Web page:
In this study, we sought to assess the in vivo antineoplastic efficacy of AN-9 in combination with radiation for the treatment of high-grade gliomas grown as xenografts in athymic mice. Our data provide evidence that AN-9 enhances the in vivo therapeutic effects of radiation. Moreover, AN-9–mediated radiosensitization was associated with increased expression of phospho- γ-H2AX within glioma xenografts, suggesting that enhanced radiation-induced DNA damage plays a role in the combined effects of AN-9 and radiation.

Materials and Methods

Cells and Reagents

U251 MG human glioma cells (University of California, San Francisco brain tissue bank) were grown in a humidified incubator at 37°C and 8% CO2 in Dulbecco’s modified Eagle medium supplemented with 10% fetal bovine serum (GIBCO-BRL/Invitrogen, Carlsbad, Calif.), penicillin (100 units/ml; GIBCO-BRL), and streptomycin (100 μg/ml; GIBCO-BRL). The BA derivative AN-9 was prepared as previously described (Nudelman et al., 1992). Temozolomide (TMZ) was kindly provided by the developmental therapeutic program of the National Cancer Institute/National Institutes of Health. Ketamine (80 mg/kg) and xylazine (10 mg/kg) were used to anesthetize mice during radiation treatments.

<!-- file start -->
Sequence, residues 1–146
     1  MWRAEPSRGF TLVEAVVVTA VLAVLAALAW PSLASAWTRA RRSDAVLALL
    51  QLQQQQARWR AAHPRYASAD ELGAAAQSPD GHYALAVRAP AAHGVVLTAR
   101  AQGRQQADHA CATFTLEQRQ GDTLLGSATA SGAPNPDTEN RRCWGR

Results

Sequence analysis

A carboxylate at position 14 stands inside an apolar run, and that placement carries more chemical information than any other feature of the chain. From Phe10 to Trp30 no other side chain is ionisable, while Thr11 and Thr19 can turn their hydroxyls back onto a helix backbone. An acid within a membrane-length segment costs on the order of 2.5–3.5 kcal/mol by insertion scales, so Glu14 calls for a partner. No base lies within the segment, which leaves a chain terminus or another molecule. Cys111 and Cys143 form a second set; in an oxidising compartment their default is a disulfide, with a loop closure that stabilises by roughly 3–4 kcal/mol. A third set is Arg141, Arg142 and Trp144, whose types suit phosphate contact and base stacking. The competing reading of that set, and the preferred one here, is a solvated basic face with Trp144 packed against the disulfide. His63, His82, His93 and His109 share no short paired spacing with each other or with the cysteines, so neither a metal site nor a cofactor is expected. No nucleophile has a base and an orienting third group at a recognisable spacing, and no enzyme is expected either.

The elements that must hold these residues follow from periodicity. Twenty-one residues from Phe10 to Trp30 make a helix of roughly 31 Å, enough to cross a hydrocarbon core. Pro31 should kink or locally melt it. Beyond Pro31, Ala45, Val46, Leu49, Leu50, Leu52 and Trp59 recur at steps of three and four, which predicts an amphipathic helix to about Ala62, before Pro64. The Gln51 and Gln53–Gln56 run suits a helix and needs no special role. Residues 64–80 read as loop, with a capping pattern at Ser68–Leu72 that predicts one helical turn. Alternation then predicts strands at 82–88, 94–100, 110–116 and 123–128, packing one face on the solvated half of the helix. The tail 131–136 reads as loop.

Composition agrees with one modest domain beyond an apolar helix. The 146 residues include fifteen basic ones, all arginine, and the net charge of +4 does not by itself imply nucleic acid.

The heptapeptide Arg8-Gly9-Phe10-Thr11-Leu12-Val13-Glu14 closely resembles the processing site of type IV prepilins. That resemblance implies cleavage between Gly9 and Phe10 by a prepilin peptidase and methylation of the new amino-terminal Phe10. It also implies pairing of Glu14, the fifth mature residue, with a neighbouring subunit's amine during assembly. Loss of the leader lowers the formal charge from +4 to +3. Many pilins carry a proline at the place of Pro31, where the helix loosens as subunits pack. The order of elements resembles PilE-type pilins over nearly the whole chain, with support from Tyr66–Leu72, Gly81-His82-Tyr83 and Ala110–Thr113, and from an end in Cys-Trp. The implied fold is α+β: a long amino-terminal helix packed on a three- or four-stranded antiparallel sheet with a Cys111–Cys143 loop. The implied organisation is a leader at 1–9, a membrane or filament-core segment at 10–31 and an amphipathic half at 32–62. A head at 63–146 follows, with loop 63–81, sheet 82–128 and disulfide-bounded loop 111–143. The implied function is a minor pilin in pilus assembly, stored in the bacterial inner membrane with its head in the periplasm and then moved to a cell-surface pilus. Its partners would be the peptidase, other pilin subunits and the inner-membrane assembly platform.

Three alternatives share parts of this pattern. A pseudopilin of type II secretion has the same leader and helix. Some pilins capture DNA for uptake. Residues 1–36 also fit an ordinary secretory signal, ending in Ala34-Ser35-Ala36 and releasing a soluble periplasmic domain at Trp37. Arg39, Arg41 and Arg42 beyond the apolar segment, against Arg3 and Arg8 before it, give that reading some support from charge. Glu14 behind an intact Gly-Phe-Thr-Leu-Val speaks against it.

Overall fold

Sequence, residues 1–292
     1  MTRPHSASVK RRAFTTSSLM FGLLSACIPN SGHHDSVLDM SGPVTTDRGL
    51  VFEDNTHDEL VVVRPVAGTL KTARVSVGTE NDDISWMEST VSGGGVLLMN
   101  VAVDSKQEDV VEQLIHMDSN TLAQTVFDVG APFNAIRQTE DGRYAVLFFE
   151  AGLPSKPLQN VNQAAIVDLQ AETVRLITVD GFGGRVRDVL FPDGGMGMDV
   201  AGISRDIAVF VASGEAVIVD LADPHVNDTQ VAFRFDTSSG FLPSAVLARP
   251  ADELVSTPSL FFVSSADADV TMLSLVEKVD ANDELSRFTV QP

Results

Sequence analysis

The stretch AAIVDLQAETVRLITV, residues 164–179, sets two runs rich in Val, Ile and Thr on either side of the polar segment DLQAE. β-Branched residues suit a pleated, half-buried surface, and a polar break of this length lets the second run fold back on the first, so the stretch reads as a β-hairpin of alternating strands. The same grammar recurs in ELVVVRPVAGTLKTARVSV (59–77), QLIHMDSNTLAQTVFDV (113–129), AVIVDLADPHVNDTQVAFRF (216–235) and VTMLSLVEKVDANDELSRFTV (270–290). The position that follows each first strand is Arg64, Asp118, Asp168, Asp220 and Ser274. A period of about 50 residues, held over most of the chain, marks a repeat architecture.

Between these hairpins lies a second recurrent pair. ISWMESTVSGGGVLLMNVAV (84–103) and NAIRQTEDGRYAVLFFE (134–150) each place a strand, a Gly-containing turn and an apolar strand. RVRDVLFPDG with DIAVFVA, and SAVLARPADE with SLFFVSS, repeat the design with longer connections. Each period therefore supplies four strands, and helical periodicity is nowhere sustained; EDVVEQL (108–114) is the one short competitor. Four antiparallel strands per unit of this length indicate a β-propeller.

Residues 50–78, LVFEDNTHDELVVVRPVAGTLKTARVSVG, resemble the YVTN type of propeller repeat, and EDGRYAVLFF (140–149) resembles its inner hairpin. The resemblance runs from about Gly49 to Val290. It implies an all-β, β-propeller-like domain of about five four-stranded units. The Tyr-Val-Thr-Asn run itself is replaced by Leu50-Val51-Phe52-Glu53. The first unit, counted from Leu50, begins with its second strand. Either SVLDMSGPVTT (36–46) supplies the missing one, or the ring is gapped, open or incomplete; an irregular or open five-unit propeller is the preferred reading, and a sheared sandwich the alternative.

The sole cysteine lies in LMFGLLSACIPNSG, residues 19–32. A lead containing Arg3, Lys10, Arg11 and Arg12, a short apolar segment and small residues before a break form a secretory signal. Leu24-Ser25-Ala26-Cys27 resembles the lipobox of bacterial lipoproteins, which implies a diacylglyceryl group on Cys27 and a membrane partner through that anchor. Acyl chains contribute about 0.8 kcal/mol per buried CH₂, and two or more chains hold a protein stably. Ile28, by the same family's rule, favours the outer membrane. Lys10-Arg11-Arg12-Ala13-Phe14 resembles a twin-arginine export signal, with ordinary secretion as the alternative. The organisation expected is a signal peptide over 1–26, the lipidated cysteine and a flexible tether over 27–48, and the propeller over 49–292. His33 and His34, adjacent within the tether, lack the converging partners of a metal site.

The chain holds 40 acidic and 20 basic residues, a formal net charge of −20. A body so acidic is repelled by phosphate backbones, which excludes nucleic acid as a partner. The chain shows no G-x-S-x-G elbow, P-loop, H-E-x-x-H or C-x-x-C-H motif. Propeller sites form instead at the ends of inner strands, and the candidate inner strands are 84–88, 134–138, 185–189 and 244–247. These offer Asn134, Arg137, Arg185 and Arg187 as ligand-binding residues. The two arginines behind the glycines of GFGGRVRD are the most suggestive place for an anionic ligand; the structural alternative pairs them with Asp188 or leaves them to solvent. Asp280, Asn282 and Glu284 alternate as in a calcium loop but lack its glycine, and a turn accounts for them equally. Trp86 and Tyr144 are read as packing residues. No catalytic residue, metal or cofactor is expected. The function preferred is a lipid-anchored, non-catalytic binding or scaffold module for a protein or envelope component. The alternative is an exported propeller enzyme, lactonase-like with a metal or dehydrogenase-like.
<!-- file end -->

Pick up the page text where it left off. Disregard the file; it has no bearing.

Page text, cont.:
In Vivo Xenograft Administration

Xenografts of human glioma cell lines were established by subcutaneous inoculation of 5 × 106 U251 MG cells into the hind legs of BALB/c Nu/Nu athymic mice (Charles River, Wilmington, Mass.). Mice were monitored according to the protocol approved by the University of California, San Francisco Institutional Animal Care and Use Committee. When tumors reached 50–100 mm3, mice were randomly assigned to one of four treatment groups: vehicle control (10 animals), radiation alone (11 animals), AN-9 alone (11 animals), or combined AN-9 and radiation (12 animals). We randomized the animals unevenly among the groups in order to have more mice in the treatment groups than in the vehicle control group and thus add further significance to our statistical data.